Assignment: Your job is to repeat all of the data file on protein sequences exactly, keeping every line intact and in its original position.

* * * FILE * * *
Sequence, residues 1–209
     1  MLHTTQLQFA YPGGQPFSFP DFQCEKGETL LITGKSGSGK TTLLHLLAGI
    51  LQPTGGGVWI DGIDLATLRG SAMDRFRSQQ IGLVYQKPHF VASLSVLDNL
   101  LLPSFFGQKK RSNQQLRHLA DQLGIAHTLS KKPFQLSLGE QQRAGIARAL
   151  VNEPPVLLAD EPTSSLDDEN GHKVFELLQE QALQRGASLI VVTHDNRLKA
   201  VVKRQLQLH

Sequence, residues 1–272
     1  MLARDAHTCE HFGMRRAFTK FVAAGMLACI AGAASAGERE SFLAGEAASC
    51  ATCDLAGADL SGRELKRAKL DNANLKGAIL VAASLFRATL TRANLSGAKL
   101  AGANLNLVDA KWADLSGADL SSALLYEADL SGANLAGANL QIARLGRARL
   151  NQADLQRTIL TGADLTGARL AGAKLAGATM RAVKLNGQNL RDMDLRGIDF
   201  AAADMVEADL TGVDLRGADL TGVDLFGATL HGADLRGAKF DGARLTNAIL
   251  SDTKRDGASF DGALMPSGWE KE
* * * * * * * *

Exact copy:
Sequence, residues 1–209
     1  MLHTTQLQFA YPGGQPFSFP DFQCEKGETL LITGKSGSGK TTLLHLLAGI
    51  LQPTGGGVWI DGIDLATLRG SAMDRFRSQQ IGLVYQKPHF VASLSVLDNL
   101  LLPSFFGQKK RSNQQLRHLA DQLGIAHTLS KKPFQLSLGE QQRAGIARAL
   151  VNEPPVLLAD EPTSSLDDEN GHKVFELLQE QALQRGASLI VVTHDNRLKA
   201  VVKRQLQLH

Sequence, residues 1–272
     1  MLARDAHTCE HFGMRRAFTK FVAAGMLACI AGAASAGERE SFLAGEAASC
    51  ATCDLAGADL SGRELKRAKL DNANLKGAIL VAASLFRATL TRANLSGAKL
   101  AGANLNLVDA KWADLSGADL SSALLYEADL SGANLAGANL QIARLGRARL
   151  NQADLQRTIL TGADLTGARL AGAKLAGATM RAVKLNGQNL RDMDLRGIDF
   201  AAADMVEADL TGVDLRGADL TGVDLFGATL HGADLRGAKF DGARLTNAIL
   251  SDTKRDGASF DGALMPSGWE KE